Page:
During the busy January wine trade tasting season there was one event of special importance for the Wine Rambler, the annual tasting of The WineBarn. The WineBarn is a UK distributor dedicated to German wine with a great portfolio including some of Germany's best wineries and some our the long-standing favourites. So one January afternoon I trekked over to the posh Mayfair neighbourhood of St James's Hotel and Club to enjoy some German wine and German wine conversation.
I found myself in a somewhat labyrinthine room with very low ceilings and an interesting combination of natural and artificial light coming from the roof.
While there wasn't much space as such, the different sections were well separated and it never felt really crowded. It also meant there was space and time enough to speak to the producers and ask general questions about German wine and winemaking.
2010 - bullshit or first class vintage?
The first question I asked everyone was about the 2010 vintage. The weather had been rather difficult in Germany and initially there was much concern about the vintage. A German wine journalist even called 2010 "Arschjahr" (literally: "arse year"; "bullshit" also sums it up). Soon after he published his article, all hell broke loose and winemakers complained that it might be best to taste the wines before condemning them. The picture that now emerges is a little more complex, with some producers claiming to have created outstanding wines whereas in other areas very high acidity needs to be balanced in the cellars.
The producers at the WineBarn tasting were confident about the 2010 vintage and in one case I was even told that it was hoped the top wines might age better than those from previous, hotter years. Most wineries took the risk of harvesting very late last year and a spell of good weather in late autumn seems to have saved the brave ones. On the other hand all of them paid a price for the bad weather and particular the late spring - yields are down massively. For some only 20-30%, in extreme cases even up to 50%, as suffered by Bassermann-Jordan.
The general consensus was that the good producers in Germany will soon start to sell great wine, but not very much of it. And some may be a little more expensive than in previous years.
German red wine
This may not be big news to Germans, but as it keeps surprising our international audience we will keep repeating it: year after year Germany turns out more and more top class red wine. Of the 14 producers at the tasting 7 showed red wines or rosé and red sparklers. Two of them, Meyer-Näkel and Friedrich Becker, had only sent reds. Winemakers Näkel and Becker are figureheads of German quality red wine and their Pinot Noirs have won them many prices and much respect, nationally and internationally.
Becker, unfortunately, could not make it, so his Pinots were presented by a French woman working for the hotel. Claire clearly was no typical French wine snob because she freely admitted that she thought Becker's Pinots were very good indeed. The Pinots were of consistently high quality with the 2008 Grand Cru "Sankt Paul" standing out for its earthy mineral, gripping acidity and smoky red berry flavour.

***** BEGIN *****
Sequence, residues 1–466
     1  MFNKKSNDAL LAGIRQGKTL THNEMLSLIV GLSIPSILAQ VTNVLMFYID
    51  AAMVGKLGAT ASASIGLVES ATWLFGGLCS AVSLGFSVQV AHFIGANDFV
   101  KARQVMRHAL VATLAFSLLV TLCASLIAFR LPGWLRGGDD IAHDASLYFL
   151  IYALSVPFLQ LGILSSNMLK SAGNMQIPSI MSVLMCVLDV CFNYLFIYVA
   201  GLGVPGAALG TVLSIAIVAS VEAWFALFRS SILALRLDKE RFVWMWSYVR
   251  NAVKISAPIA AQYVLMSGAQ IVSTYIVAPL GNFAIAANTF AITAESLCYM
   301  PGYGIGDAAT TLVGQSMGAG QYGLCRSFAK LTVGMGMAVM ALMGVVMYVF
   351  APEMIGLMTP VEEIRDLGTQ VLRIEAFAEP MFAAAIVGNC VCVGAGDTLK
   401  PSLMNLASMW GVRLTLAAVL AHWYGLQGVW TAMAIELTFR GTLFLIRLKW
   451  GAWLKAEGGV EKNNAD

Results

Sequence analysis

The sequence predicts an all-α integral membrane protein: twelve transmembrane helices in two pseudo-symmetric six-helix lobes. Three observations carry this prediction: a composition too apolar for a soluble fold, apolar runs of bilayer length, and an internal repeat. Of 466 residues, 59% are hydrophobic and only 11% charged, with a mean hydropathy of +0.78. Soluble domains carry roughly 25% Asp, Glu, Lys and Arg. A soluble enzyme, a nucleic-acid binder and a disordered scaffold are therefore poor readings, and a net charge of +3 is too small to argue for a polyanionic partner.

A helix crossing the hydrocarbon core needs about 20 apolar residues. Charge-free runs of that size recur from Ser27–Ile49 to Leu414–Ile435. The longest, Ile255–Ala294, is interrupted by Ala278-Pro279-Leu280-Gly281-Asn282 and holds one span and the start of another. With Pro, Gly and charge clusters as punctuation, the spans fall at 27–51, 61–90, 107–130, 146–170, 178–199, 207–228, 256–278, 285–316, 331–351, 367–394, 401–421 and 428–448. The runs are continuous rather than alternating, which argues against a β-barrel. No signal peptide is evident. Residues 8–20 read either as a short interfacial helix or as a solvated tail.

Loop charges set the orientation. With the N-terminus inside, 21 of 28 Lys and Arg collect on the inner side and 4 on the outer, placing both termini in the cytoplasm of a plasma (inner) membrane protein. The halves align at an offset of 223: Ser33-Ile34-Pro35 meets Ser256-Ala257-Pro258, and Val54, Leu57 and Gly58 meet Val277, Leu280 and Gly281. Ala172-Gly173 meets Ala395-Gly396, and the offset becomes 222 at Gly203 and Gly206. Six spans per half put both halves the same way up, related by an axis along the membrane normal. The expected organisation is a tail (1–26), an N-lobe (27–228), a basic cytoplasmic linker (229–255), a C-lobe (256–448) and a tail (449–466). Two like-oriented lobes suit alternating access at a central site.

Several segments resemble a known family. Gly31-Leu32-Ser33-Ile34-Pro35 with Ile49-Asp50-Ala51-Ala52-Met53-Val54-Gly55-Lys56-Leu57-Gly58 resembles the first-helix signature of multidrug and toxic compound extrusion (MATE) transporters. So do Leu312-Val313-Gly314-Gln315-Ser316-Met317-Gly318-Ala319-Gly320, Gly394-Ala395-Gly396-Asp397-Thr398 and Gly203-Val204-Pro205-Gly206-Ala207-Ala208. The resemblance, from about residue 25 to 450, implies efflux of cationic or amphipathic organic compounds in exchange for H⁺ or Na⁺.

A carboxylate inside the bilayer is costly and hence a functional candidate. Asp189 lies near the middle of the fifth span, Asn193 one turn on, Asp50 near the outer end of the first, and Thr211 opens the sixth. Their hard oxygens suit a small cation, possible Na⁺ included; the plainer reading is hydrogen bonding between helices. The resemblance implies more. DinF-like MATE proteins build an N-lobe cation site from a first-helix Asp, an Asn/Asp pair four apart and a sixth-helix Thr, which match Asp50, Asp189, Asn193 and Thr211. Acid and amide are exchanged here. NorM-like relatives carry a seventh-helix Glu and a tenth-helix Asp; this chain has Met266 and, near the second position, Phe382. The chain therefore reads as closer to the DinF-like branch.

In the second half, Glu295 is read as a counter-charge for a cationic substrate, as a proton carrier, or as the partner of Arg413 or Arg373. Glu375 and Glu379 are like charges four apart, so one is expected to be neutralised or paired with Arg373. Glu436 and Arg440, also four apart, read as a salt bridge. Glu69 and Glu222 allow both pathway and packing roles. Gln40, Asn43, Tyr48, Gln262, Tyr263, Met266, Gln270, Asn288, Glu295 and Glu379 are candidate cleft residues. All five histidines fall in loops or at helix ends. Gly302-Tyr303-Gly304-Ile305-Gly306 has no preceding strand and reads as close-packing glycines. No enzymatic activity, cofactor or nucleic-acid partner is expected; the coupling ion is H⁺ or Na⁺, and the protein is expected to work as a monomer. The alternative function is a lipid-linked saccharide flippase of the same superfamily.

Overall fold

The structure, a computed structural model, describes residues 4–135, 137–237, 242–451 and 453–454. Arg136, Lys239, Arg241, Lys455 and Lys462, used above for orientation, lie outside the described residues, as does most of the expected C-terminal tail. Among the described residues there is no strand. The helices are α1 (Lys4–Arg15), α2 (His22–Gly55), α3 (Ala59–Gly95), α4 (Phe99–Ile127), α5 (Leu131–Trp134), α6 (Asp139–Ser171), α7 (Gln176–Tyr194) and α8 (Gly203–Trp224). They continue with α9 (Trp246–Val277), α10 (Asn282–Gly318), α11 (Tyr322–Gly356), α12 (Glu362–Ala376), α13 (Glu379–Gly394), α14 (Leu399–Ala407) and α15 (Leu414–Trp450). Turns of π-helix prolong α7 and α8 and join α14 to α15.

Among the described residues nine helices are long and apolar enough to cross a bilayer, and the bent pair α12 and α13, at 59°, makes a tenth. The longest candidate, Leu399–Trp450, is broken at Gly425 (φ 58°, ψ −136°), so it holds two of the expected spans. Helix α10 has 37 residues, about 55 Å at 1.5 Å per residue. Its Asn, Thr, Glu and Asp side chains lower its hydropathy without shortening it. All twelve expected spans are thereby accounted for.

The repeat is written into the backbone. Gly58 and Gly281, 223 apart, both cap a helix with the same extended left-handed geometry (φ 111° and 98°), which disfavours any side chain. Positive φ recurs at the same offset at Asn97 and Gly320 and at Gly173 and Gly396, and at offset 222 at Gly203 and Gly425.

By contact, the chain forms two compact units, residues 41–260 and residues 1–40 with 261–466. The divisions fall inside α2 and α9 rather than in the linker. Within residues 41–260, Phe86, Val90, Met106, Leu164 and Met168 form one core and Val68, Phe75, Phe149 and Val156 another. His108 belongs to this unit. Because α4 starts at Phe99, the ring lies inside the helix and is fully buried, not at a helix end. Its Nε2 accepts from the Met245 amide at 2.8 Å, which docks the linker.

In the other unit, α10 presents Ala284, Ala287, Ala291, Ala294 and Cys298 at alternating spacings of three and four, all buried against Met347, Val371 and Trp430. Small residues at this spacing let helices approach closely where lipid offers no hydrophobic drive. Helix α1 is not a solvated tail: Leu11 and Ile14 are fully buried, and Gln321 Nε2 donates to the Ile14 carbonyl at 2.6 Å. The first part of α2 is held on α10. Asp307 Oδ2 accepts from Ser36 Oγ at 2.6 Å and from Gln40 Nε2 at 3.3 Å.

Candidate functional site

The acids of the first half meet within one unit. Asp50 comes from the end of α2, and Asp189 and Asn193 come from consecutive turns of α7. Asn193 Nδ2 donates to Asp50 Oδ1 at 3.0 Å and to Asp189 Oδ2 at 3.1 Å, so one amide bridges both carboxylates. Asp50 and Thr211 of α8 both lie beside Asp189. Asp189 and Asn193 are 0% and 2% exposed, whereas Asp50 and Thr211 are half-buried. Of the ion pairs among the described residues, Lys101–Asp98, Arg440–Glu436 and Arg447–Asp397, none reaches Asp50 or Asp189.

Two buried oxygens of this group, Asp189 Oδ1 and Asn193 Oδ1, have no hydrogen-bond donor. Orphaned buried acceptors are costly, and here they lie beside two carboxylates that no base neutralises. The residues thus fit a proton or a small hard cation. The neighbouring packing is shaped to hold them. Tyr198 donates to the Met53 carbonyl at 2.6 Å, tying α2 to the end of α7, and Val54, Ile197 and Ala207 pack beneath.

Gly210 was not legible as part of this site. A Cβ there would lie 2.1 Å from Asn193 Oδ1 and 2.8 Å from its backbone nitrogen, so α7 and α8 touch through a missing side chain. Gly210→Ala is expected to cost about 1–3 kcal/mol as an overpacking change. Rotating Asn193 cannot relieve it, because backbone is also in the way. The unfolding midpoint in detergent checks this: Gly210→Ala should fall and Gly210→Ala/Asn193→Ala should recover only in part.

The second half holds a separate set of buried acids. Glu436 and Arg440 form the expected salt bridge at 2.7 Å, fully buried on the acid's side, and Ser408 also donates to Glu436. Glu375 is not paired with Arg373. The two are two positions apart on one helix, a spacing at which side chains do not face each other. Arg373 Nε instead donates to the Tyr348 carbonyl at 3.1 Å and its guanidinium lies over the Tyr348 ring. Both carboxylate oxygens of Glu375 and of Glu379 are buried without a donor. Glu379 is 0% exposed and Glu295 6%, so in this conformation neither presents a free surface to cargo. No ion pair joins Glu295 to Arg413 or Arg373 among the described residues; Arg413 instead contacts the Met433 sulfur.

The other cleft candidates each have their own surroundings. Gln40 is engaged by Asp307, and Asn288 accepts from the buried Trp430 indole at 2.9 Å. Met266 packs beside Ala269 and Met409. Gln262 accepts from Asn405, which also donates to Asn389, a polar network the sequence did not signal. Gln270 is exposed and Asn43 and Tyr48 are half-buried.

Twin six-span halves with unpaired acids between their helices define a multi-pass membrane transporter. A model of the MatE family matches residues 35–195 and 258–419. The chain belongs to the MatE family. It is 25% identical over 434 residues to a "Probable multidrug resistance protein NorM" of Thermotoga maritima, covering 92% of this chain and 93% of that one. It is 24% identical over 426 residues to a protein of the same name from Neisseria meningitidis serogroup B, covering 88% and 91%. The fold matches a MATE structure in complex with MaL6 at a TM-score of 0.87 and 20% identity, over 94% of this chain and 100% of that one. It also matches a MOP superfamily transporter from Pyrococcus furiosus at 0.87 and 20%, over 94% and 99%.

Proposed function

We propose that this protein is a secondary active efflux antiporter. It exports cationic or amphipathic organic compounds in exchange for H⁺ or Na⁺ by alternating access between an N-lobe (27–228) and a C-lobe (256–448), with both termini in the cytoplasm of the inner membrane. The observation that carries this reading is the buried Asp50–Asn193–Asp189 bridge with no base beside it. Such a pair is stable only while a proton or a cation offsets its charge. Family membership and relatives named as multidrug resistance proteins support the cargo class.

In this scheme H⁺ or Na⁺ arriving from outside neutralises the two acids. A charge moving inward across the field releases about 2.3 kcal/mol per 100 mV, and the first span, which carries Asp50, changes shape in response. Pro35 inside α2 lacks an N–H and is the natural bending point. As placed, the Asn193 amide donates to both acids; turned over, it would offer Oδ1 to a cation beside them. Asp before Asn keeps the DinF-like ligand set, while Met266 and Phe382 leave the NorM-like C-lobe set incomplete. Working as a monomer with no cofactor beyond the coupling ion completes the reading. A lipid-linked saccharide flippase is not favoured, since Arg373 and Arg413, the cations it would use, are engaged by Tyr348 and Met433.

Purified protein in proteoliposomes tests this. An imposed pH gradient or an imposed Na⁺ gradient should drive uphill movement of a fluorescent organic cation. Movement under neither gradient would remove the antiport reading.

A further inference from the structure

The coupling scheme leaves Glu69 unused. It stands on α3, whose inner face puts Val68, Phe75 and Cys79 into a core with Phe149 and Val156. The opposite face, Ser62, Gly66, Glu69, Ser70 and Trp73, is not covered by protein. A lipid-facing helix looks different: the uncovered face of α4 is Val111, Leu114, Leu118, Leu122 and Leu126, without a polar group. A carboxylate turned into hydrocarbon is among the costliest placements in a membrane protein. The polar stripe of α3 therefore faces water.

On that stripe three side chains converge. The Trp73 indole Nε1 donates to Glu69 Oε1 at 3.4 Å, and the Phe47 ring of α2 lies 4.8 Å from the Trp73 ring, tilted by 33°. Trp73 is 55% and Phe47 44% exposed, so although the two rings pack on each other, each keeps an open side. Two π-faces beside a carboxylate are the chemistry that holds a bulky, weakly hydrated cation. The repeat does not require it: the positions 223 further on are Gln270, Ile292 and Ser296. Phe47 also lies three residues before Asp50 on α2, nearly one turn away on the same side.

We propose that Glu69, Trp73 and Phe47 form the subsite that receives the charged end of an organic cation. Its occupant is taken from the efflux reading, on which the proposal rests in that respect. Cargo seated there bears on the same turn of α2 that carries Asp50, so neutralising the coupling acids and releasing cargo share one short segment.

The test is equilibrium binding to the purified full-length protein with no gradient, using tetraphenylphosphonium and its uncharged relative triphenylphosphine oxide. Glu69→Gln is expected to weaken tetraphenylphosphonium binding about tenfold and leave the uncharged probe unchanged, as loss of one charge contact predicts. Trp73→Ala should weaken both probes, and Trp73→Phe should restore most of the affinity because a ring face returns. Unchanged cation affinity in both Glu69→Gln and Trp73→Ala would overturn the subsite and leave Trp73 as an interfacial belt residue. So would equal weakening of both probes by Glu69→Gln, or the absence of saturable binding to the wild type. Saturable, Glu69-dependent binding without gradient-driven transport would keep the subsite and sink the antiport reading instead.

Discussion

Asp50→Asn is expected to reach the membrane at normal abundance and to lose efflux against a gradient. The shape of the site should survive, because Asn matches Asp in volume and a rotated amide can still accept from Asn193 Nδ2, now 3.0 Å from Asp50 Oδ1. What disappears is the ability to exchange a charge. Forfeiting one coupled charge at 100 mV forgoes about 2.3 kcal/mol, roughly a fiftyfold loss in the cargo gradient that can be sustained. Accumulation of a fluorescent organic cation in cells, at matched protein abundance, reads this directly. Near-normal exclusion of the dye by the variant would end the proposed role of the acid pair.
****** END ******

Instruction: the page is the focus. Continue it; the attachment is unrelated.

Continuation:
The Meyer-Näkel wines were also of consistently high quality. I was particularly interested to find out how age-worthy Meyer-Näkel's Grand Cru Pinot Noirs would be. The Wine Rambler often found that good German Pinots should be given 4-6 years and will make it up to ten years - which also seems to be the Meyer-Näkel opinion -, but are German Pinots substantial enough to age well for two or more decades? The honest answer I was given is that even at Meyer-Näkel they are not sure yet. The Meyer-Näkel wines of the 80s and 90s were made to be drunk younger. This has changed since, but we will need a few more years to find out how well they age.
What became pretty obvious to me though is that the drive to produce high quality red wines made to age is becoming stronger in Germany. In three or four years maybe try the Meyer-Näkel 2007 Dernauer Pfarrwingert Grand Cru, a wine that already impresses with lots of berries and well-balanced tannins.
Pinot, Noir and beyond
Another winery that had great red wines to show off was Weingut Bercher from sun-kissed Baden. Their Grand Cru Pinot from the Feuerberg vineyard was still quite young (2008) but had great fruit and substance, although the tannins suggest to give it a couple of years more before drinking it. Bercher also showed a very likeable cuvée of Cabernet Sauvignon, Merlot, Lemberger and Pinot Noir, and a range of Pinot Blanc and Pinot Gris that were not only very good but also, in the best sense, typical embodiments of these two fantastic varieties. The 2009 Pinot Blanc Grand Cru (again the Feuerberg - "Fire Mountain" vineyard) impressed me most with a surprising nut flavour and melon-mineral notes. A 2009 late harvest Chardonnay was very fresh and finely balanced.
Dr. Heger is another great winery from Baden that turns out lovely Pinots and Chardonnays. However, we have already reviewed their current range at a recent tasting in Munich. Also located in the volcanic Kaiserstuhl area is the Franz Keller winery who presented their latest Pinot Blanc, Gris and Noirs. I would recommend them for a visit, not only because of the quality of the wine, but also because they own a restaurant that has received awards for its wine list and has managed to hold on to a Michelin star since 1969.
Franz Keller, who died a few years ago, is also among the pioneers of quality dry red wines in Germany, and I found it very sweet that some of the Keller wines are named after him.
Obviously, I also drank tried some Riesling. As I had attended a food and Riesling matching dinner hosted by Nik Weis of the St. Urbans-Hof winery last year I made sure to again sample his Rieslings, from dry to deliciously sweet. Yet again I found a very accomplished flight of wines and my tasting notes are full of "good balance", "great fruit", "deliciously tropical with grapefruit" - highly consistent and a great expression of what Mosel Riesling is all about. Enough said.